When Patrick Leigh Fermor was about eighteen years old he decided to walk across Europe. That was 1933 and A Time of Gifts is his memories of those days. The trip is set between the world wars; the scars of the first have begun to heal with Fermor's generation coming of age, but both the author and the reader knows in hindsight it will not last for many years more. Fermor walks across the Netherlands and into Germany just when the Nazis has come to power, then onward into an eastern Europe of a kind now gone; then on to the great Danube.
Along the whole journey Fermor makes friends and gets by day by day often through the charity of strangers. The title of the book is well-chosen: it is A Time of Gifts; A time of adventures of the kind I nowadays somehow only think young people can have during those precious years between the innocence of childhood and the caution born from experience.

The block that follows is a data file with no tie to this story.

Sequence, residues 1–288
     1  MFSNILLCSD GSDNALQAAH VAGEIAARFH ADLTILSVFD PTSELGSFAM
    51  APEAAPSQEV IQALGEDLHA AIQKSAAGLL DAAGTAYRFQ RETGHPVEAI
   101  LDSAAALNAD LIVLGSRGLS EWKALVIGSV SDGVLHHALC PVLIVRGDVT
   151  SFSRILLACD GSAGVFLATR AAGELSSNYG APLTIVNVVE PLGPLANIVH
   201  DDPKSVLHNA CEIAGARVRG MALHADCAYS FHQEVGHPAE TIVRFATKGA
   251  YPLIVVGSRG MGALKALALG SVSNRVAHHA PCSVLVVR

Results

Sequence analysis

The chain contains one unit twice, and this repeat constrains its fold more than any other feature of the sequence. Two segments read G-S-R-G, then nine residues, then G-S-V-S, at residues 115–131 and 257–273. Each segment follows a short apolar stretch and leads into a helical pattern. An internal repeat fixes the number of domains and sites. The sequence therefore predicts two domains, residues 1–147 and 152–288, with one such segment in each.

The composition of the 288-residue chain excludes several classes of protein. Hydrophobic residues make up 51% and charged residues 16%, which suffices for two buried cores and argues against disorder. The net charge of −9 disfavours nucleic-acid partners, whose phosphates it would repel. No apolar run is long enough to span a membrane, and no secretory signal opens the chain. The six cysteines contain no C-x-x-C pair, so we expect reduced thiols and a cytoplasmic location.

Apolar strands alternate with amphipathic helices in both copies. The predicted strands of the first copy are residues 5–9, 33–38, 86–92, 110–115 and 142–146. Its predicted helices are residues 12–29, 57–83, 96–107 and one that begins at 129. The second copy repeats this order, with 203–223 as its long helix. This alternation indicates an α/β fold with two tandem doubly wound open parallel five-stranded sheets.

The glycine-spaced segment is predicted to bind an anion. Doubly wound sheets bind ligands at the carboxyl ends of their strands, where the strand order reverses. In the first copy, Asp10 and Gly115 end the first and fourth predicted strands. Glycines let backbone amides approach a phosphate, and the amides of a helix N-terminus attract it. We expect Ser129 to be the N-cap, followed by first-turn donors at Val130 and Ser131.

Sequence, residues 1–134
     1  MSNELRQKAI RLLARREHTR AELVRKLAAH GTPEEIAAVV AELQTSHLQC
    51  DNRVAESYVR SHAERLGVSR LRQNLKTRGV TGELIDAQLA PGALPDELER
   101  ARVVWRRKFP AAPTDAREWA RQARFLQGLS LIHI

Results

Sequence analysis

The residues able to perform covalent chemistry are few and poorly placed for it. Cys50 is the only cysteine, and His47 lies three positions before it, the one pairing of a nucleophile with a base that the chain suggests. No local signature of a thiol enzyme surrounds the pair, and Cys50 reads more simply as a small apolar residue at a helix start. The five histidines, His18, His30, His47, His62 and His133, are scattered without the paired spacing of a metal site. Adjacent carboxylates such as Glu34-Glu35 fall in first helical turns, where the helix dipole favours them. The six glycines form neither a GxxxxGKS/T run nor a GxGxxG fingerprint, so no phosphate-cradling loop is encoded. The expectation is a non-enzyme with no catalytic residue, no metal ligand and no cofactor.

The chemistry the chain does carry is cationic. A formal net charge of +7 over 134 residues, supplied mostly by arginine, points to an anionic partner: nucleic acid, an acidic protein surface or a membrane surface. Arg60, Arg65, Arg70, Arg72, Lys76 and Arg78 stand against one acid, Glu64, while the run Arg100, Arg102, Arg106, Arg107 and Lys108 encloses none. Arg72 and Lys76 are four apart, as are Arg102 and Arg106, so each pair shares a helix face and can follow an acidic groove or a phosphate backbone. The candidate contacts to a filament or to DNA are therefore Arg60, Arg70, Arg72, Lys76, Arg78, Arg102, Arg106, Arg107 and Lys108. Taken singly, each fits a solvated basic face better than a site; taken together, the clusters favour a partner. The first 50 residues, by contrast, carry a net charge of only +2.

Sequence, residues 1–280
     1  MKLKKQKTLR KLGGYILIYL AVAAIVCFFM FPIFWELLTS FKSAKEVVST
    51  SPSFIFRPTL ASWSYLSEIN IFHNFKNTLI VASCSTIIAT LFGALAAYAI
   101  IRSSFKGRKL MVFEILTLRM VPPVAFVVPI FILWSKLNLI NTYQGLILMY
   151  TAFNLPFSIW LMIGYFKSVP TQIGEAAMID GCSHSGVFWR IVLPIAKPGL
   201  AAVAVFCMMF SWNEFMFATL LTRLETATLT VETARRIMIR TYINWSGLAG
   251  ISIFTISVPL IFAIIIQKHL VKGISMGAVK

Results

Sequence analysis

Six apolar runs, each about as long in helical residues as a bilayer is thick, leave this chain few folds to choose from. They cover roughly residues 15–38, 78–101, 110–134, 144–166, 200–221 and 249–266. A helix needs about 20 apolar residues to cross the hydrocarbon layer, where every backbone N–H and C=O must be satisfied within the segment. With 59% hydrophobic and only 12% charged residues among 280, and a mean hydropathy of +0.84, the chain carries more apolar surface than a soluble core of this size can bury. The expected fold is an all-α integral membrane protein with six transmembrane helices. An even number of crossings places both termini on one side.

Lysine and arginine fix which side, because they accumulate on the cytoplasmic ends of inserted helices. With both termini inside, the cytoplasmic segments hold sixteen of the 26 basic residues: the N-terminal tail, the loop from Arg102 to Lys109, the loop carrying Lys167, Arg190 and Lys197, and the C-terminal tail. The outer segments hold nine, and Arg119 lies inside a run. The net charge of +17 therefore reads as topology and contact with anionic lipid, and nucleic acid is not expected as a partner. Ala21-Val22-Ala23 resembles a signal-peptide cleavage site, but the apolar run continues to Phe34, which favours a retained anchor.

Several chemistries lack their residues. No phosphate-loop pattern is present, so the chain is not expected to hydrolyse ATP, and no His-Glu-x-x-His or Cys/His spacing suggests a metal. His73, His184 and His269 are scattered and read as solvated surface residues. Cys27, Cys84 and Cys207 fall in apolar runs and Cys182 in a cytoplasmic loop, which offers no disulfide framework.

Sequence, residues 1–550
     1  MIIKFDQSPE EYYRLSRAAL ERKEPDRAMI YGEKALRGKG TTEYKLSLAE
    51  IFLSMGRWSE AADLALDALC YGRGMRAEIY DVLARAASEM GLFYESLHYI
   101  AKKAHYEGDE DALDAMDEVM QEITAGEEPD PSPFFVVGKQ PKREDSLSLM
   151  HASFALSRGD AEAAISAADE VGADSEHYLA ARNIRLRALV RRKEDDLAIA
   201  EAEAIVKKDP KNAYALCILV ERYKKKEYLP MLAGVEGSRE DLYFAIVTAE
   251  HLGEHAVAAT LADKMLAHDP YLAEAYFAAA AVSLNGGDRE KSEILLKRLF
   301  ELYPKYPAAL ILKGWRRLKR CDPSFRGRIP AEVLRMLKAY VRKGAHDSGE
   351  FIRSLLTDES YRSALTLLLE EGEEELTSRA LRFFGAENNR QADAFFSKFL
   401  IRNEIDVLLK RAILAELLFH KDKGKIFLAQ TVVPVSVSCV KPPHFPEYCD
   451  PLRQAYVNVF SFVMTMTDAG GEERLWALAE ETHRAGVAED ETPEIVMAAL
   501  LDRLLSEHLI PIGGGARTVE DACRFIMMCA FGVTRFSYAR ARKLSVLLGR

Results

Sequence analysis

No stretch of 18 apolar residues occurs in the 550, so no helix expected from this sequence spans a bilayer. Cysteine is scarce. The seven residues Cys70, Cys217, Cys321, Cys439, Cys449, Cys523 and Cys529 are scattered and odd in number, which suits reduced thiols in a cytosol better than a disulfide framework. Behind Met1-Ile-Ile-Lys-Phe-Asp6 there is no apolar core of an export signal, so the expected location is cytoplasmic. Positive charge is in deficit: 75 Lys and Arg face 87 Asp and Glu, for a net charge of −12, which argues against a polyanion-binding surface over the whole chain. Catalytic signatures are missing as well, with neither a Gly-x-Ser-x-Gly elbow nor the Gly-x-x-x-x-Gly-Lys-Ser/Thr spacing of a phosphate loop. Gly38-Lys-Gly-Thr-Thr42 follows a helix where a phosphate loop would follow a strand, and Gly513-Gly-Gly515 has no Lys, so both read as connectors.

I found the book very interesting, and have since reading it learned it (as well as its successor) have quite a following among readers of travel literature. Something I can understand.